It may be obvious to you that exercise is a way that many people deal with stress. What may not be obvious is when exercise switches from being a life-enhancing coping strategy to being a harmful one. Exercise is often a key component of the cycle of eating disorders and using food to cope. We feel so inherently flawed and unacceptable when we struggle with disordered eating in any way that our body becomes our worst enemy and therefore, we believe, it is deserving of as much mistreatment verbally and physically as we can dish out. Thus we may choose to simply abandon our body altogether and not exercise for years and years. Or we may choose to exercise for hours a day regardless of the signals our body is sending us in the form of fatigue or pain. Either way, we’re creating more stress physically and psychologically and we’re no where near dealing with the real issue that triggered this nasty approach to finally believing that you are good enough. When we’re exercising from a life-enhancing perspective our primary purpose is health and wellness. We engage in forms of exercise that we truly enjoy and we listen to our body for cues about how long, how hard, and when to exercise. We don’t feel guilty or shameful or restrict ourselves when we can’t exercise on any given day or when we do a little less than we imagined we would. We exercise moderately and regularly within the context of a balanced life that also has space for work, friends, family, self-care, hobbies and volunteer/community events. From a life-enhancing perspective we know how much exercise is enough (ie. what is moderate) because we’re able to maintain a balance of all the above and still feel energized and healthy and present with whatever we’re doing. When we’re exercising from a disordered perspective, health is hardly a consideration and certainly not the driving force. The motivation in this case is to modify or maintain our external appearance at all costs. From a disordered perspective, exercise is all about achieving that elusive, perfect bod so that you’ll finally be able to relax and feel worthy of existing. The story goes that you’ll get the sense of safety and security and approval you seek when you look a certain way and that looking that certain way is the only possible thing that you will ever make you “good enough.” To that end it doesn’t matter how injured you are, how tired you are, whether you have a cold and need rest, whether you’ve actually eaten enough that your body has the nutritional support to do what you’re asking it to do, you are going to make yourself exercise no matter what! Now, consider this: If your body is the vessel that is required for your mind to exist and function well and your body requires a certain balance of food, rest, air and water to function optimally, what sense does it make to withhold any of those key requirements as some sort of dangling carrot meant to motivate your body into pushing itself beyond its limits just so you can look a certain way so that you can finally be acceptable to someone else? Who pays the price for your fatigue? Who pays the price for your malnourishment? Who pays the price for your injury; for your mood swings; for your insecurity; for your preoccupation; and for your lack of overall balance? The truth is that you pay the biggest price. And the people you live with, work with, hang out with pay too because you’re tired and stressed out and unbalanced because of how you’re going about trying to be happy, peaceful and in balance. It’s all backwards and it’s time to turn things around. Your body doesn’t care for external rewards like approval. The recipe for a happy, healthy, beautiful body that is an easily sustainable natural weight for you is this:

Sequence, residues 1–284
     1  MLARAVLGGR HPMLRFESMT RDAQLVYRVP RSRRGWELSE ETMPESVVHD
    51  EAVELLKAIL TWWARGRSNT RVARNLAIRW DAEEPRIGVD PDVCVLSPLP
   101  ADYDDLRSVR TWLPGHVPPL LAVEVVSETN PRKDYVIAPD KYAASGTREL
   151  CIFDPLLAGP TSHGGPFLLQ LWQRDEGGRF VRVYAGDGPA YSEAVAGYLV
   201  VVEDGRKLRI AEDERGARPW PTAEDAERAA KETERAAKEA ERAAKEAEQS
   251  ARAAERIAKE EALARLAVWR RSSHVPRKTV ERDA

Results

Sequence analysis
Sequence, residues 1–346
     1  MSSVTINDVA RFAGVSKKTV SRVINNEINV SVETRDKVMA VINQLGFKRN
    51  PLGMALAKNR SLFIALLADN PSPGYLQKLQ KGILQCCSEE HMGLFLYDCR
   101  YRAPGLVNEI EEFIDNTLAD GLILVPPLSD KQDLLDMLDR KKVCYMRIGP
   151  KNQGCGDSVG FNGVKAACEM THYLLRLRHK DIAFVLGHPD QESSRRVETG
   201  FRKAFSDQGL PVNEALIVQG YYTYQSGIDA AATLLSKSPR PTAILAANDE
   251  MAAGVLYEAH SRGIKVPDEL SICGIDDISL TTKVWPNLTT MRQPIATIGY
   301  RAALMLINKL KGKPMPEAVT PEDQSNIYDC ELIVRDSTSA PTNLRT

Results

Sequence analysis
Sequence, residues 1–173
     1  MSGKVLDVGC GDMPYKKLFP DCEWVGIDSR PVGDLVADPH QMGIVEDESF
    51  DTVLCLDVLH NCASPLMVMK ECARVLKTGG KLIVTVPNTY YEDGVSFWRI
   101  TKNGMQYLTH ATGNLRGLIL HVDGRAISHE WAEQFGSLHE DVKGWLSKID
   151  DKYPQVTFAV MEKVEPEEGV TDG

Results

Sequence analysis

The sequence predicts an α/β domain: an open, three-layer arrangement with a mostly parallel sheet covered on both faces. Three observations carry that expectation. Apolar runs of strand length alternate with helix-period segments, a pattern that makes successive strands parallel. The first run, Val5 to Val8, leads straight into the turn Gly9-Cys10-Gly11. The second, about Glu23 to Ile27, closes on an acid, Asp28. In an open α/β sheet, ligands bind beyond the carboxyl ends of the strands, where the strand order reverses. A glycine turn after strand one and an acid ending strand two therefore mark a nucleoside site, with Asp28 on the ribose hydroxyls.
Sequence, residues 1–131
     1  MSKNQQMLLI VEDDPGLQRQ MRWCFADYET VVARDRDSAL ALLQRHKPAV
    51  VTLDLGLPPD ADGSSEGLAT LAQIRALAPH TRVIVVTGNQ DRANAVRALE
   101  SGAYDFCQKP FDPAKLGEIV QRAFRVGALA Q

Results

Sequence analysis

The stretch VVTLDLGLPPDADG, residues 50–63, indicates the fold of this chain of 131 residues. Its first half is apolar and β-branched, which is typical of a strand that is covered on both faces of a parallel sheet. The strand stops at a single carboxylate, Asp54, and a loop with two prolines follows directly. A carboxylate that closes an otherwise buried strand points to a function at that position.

- Feed it regularly and feed it mostly natural, unprocessed foods.
- Give it ample rest.
- Breathe deeply (a few times a day practice some breath work for a few minutes).
- Drink lots of water.
- And exercise moderately and respond immediately and with compassion to the signals your body is sending about hunger, fatigue, pain etc.